The Original Console Room Vacuum Forming the Roundels Moving House The Rebuild

To do vacuum forming, you need to:

  • stretch a piece of plastic sheet over the mould
  • suck the air from the mould
  • heat the plastic until it softens enough to bend into the shape of the mould.

To achieve this, I needed to arrange a vacuum chamber with a reasonable seal between the plastic sheet and the mould.

I drilled a large number of small holes through the deepest part of the mould, then flipped it over and built up a thin frame of stand-offs to make a "plenum" behind the mould.
I then glued a sheet of 1/2" plywood across the back to finish the plenum chamber. A hole in the back of this later will allow a vacuum pump to evacuate the mould.
The plastic sheet needs to be held in place and a reasonable seal needs to be made between it and the mould. So I put caulking around the rim and smeared a layer around the edge of the mould.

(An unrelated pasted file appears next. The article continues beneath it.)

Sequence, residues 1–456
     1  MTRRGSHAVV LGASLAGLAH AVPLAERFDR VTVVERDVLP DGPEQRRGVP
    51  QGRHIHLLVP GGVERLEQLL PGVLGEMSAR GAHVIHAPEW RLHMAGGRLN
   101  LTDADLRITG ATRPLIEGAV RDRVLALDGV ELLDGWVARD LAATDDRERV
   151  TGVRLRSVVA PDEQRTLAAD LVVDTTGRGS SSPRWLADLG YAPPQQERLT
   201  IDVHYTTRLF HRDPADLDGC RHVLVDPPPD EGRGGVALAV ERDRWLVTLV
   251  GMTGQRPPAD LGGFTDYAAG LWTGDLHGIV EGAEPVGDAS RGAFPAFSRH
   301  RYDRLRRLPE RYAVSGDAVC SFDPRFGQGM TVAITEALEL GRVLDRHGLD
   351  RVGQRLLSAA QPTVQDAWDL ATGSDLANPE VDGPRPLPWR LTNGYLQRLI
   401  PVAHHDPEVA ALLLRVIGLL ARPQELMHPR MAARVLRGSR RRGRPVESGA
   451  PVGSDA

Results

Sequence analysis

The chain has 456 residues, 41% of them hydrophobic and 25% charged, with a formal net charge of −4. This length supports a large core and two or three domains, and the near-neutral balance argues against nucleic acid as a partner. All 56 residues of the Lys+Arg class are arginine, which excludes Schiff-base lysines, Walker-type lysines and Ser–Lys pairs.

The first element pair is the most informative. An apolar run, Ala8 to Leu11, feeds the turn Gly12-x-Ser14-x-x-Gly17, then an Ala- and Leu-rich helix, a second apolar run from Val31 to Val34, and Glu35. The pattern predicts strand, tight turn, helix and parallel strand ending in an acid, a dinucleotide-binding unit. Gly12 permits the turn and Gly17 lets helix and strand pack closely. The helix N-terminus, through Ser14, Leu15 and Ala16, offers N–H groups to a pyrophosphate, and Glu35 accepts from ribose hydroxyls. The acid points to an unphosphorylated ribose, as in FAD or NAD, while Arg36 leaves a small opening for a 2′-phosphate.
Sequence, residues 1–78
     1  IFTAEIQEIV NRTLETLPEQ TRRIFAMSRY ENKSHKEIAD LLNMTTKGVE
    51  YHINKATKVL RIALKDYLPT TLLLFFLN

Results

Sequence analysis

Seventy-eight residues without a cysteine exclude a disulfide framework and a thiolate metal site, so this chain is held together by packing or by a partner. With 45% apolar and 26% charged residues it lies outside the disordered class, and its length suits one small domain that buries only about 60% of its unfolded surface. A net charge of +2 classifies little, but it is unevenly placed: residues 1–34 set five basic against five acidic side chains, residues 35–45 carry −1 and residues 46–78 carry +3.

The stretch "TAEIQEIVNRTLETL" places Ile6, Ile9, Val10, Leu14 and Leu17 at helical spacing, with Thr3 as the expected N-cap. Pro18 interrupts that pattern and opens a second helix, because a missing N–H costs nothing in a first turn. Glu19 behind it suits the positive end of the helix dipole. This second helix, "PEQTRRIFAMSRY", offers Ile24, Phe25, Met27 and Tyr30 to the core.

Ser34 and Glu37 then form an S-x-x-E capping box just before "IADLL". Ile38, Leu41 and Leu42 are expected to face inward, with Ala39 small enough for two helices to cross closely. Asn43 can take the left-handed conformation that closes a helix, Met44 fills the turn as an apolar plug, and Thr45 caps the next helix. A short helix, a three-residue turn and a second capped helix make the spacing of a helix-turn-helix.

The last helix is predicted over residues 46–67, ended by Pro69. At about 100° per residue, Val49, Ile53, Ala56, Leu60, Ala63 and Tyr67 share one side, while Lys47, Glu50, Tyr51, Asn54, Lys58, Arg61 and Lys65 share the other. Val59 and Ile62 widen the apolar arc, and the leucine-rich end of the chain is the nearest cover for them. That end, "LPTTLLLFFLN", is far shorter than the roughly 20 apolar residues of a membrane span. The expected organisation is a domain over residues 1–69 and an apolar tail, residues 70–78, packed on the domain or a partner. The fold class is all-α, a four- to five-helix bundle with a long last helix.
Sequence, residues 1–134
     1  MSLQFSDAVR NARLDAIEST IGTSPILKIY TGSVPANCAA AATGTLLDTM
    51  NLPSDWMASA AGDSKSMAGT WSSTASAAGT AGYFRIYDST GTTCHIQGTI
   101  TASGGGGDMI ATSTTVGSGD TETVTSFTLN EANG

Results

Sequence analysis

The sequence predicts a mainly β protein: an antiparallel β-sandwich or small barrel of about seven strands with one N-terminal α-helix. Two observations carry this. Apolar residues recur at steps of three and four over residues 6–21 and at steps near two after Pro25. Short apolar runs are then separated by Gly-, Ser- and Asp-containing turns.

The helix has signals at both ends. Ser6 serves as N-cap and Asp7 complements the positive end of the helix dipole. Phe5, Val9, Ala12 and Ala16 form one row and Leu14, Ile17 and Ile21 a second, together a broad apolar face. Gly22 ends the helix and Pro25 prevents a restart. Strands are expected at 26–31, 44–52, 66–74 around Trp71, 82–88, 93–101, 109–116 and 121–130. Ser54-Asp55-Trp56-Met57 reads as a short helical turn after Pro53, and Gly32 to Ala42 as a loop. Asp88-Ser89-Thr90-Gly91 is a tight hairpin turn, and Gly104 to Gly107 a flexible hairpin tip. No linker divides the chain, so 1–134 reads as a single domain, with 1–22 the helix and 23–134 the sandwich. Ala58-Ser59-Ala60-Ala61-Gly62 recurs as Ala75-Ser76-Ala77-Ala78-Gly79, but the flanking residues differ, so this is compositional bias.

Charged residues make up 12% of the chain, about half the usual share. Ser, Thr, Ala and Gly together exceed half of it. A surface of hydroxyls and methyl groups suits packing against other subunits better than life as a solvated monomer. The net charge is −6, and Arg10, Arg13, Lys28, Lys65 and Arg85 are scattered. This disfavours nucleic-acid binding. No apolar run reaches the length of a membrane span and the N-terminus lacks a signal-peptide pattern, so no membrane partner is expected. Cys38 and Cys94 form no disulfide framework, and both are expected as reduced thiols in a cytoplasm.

The hinged frame closes with catches and holds the plastic in place.
 
 
 

I built a stand for the mould, with a dowel pivot on the mould so it can be easily rotated. The mould is quite heavy and I didn't want to be heaving it up and down countless times.

Here it is with one of my many early failures (this time due to not having an adequate heat source).

I later added a couple of handles to the sides of the stand to make it easier to carry around.

I drilled a 2 1/4" hole in a piece of 2x4 to take the hose of the shop vacuum. It's not a very tight fit, but the suction holds it in place well enough.

I drilled a smaller hold in the back of the plenum so the vacuum hose doesn't get pulled in and block the plenum.

Here's the shop vacuum hose in place.

At this point it's ready to go. You need a powerful heat source that can be applied quickly and then removed just as quickly, as the degree of softening is quite critical: too little and it won't get into the corners, too much and the plastic will melt completely: a hole forms and you lose suction.